The second request to be answered is to prove that you really lived in Portugal. For this you can attach a proof of consumptions in the country. For example, bank statements or household accounts can be good and easy ways to prove this.
However, there are residents who have not received an answer from SEF. “We are aware that there are cases of people who have already sent these documents without getting an answer. For this reason, we are dealing with SEF in order to accelerate this process. Until then, these people are in Portugal and remain with the right to be in Portugal”.

Regarding this, The Portugal News has contacted SEF who replied saying that “all foreign citizens with processes pending at SEF, whose request was made between 18 March and 30 April, 2021 are temporarily legal in the national territory until the final decision of the respective process”, adding that there are around 223,000 foreign citizens in this situation.

In addition, in the pandemic context, “it was provided for that foreign citizens with procedures pending at SEF are, temporarily, in a regular situation in national territory, until 31 December, namely to access the National Health Service or other health care rights, signing of employment contracts and the opening bank accounts” etc, SEF stated.

But the problems go on

However, the foreign resident who spoke to The Portugal News, said that they are not sure about this. “I’ve done the registration on the SEF Portal and I’ve got the certificate and the QR-code…another piece of paper to carry in my wallet”, they said.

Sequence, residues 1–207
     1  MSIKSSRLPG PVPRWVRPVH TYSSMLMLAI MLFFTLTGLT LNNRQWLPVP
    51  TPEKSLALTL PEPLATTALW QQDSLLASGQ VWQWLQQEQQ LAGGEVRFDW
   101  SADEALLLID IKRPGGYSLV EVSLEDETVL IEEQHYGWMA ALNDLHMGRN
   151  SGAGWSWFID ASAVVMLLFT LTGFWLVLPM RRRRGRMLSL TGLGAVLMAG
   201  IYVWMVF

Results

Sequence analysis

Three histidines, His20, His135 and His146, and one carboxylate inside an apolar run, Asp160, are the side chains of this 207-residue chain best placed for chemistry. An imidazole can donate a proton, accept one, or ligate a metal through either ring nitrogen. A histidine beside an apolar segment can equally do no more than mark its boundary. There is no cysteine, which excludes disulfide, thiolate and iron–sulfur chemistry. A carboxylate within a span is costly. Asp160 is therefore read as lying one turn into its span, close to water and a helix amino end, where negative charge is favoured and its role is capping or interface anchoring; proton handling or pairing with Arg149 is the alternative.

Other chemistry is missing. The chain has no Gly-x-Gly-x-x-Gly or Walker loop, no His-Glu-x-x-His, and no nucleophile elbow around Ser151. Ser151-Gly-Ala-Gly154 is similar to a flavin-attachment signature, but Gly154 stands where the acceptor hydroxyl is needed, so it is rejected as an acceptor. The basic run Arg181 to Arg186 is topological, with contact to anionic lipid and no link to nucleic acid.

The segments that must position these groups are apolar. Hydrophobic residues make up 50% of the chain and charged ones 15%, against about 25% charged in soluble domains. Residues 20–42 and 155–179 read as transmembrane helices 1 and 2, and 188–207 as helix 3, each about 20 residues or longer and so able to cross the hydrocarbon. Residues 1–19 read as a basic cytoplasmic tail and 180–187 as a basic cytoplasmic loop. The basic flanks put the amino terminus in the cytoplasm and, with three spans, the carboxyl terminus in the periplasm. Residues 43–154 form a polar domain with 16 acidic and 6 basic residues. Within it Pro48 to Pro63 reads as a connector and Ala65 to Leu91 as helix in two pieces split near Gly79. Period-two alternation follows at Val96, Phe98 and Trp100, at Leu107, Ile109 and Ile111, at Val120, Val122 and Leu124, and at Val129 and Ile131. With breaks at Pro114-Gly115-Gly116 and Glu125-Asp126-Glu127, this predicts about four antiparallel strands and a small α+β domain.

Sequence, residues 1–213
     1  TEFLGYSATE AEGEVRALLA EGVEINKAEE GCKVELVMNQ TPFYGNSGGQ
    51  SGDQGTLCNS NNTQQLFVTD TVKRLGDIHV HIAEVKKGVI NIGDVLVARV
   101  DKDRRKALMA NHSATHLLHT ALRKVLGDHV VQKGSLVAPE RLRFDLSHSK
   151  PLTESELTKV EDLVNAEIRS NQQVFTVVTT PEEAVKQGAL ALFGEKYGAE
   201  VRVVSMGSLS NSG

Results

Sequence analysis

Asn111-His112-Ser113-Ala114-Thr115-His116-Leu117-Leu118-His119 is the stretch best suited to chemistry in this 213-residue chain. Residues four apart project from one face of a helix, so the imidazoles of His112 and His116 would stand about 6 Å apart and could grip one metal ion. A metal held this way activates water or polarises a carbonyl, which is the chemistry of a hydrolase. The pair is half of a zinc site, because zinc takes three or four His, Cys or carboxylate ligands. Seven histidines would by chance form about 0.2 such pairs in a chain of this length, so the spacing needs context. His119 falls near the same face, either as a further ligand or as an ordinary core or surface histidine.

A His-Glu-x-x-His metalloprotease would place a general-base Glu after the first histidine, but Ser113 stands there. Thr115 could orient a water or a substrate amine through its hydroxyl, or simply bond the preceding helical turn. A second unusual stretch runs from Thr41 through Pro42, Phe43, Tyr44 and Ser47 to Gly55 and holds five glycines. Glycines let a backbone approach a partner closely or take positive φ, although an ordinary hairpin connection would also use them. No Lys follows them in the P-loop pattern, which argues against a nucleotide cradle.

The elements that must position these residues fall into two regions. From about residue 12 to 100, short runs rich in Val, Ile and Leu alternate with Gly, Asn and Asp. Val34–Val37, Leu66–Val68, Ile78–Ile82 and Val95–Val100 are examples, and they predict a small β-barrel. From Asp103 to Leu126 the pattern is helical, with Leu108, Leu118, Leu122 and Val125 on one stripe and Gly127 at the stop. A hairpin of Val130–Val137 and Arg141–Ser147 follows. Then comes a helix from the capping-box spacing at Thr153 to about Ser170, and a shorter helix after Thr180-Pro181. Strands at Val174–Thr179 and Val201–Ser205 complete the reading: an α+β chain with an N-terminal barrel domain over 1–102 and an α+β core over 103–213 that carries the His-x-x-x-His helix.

“Last time I went to the parish council, and although they are public authorities, they don’t even know what this certificate is, no one knows what it is, it seems that only SEF and the Embassy know what it is”.

That’s why they are afraid her life will be stuck in the next couple of months when her card expires. Despite all the rules, they doesn’t believe that this actually applies when it comes to the reality of everyday life in Portugal.

“How can I fill out an application? Do you think that a system will accept an expired card? I don’t believe that the QR-code will work because there is no expiration date on the certificate to replace the expired one on the card, so the systems just won’t accept it and it’s not the workers’ fault. We can stay in the country, but this interferes with our daily lives. Nobody has thought about this properly,” they concluded.


Paula Martins is a fully qualified journalist, who finds writing a means of self-expression. She studied Journalism and Communication at University of Coimbra and recently Law in the Algarve. Press card: 8252

Paula Martins